New year, old issues
Looking at news headlines, the Christmas holiday wasn’t much of break for financial markets. Starting with the US, Congress finally approved the long-awaited fiscal stimulus package over the festive break, but election fraud claims which seemed to have settled down emerged again, as Trump tried to strong arm Georgia officials into a coup. In the UK, it looks as if another national lockdown could be on the horizon, while we simultaneously boost our inoculation efforts, with the first recipients of the Oxford/AstraZeneca vaccine receiving their dose this morning. Meanwhile, the Organisation for Economic Cooperation and Development has warned governments to rethink spending constraints; echoing the usual central bank stance for more fiscal support.
Most of us thought President’s Trump’s attempt to swing the election was over when the electoral college certified the results for Joe Biden’s victory in mid-December. However, over the weekend, Trump held a phone call with Georgia’s Secretary of State in which he tasked him to ‘find 11,780 votes’, the amount needed to win the state. Trump was recorded pressuring the Secretary of State Brad Raffensperger, into helping change the outcome of the election, but despite applying pressure, the official refused.
Not only that, some short-sighted Republicans, like Ted Cruz, have formed a clique of Trump supporters in this recent attempted coup. This week, Georgia is holding its run-off elections in which the narrow fight for two state senate seats will decide whether Republicans still hold a fractional majority or whether the US has all turned blue.
The UK is facing one of the most challenging times since World War II. Not only is the UK’s coronavirus containment effort one of the worst among its European peers, but there’s also been the added uncertainty of Brexit to concern residents. Despite Brexit concerns lessening which would ordinarily offer a reprieve and return to normality, the severity of the new viral spread is forcing the government to consider implementing tighter restrictions. Areas such as London, which are already in Tier 4, are being considered for a new, tighter restrictions.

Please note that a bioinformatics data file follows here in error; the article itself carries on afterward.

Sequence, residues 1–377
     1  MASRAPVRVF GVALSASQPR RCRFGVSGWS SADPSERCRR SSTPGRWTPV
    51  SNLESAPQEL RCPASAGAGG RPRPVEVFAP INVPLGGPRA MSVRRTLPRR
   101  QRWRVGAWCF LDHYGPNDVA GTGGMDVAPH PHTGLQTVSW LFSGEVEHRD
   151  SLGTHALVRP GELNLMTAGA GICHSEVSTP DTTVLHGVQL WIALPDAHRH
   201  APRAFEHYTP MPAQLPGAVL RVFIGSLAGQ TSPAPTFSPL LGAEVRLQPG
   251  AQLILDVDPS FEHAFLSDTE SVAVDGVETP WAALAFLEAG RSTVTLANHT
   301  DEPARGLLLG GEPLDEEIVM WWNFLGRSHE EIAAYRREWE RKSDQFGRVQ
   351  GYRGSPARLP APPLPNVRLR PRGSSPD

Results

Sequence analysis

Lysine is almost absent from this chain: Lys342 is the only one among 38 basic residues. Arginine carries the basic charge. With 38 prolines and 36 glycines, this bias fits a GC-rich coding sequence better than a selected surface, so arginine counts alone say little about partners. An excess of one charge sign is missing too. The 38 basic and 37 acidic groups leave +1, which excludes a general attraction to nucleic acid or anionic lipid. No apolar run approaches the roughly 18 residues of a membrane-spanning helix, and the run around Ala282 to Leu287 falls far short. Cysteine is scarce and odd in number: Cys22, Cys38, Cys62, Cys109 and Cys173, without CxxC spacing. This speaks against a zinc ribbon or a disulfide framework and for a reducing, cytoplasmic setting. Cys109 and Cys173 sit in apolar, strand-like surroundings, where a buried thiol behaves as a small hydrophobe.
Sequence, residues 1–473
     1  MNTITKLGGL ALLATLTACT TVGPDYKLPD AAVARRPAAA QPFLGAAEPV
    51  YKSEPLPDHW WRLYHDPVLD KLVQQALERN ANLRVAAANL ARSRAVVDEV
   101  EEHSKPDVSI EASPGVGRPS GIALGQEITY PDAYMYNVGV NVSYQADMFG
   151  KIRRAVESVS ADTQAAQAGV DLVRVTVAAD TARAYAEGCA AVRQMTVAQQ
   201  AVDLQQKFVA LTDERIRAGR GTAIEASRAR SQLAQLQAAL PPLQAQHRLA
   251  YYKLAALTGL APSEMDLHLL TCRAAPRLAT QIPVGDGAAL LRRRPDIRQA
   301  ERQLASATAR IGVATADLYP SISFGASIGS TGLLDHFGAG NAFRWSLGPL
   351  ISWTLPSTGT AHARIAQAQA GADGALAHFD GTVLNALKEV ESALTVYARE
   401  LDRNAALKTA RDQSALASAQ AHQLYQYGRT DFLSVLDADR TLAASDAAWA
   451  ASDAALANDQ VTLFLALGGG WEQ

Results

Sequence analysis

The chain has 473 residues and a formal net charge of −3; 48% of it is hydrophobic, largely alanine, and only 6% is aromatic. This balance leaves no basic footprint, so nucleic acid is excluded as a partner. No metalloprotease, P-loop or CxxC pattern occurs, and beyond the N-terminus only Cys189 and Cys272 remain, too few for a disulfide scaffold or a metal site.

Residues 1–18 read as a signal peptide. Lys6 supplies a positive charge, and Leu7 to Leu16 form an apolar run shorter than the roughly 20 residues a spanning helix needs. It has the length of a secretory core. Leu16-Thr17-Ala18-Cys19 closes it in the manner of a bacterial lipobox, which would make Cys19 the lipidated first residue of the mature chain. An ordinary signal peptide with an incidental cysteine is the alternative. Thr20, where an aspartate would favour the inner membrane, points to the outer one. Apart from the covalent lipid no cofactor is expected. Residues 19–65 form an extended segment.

At the end of 2020, the market was in a position of risk-on, where market participants tend to sell safe assets and gravitate towards riskier assets. Perhaps this turn of events is not unwarranted given the 11th hour Brexit deal and additional US stimulus measures, but the bar for supposed safety is steadily getting lower. One of the biproducts of the post-2008 quantitative easing period is that the market has felt government support of asset prices—via the so-called distributional effects that favour wealth holders over labour—knowing that central banks would step in to backstop investors against downturns.
The OECD came out today to support the central banker’s message that fiscal policy needs to take the baton. The reason is two-fold: central banks have used up much of their ‘ammunition’, but also fiscal policy is distributed according to the drafter’s intent, lending a democratic element to support measures. It also means that fiscal policy can address the inherent regressive nature of quantitative easing and provide greater support to labour, which has been left in the cold since 2007.
Bottom line: The market experienced little down time over the festive season. However, right now, the market seems to favour tangible assets; oil is retesting December highs and precious metals are repairing towards 2020 highs. Meanwhile, global stocks are still rising towards all-time highs, despite any fundamental valuation basis for the move.
The week ahead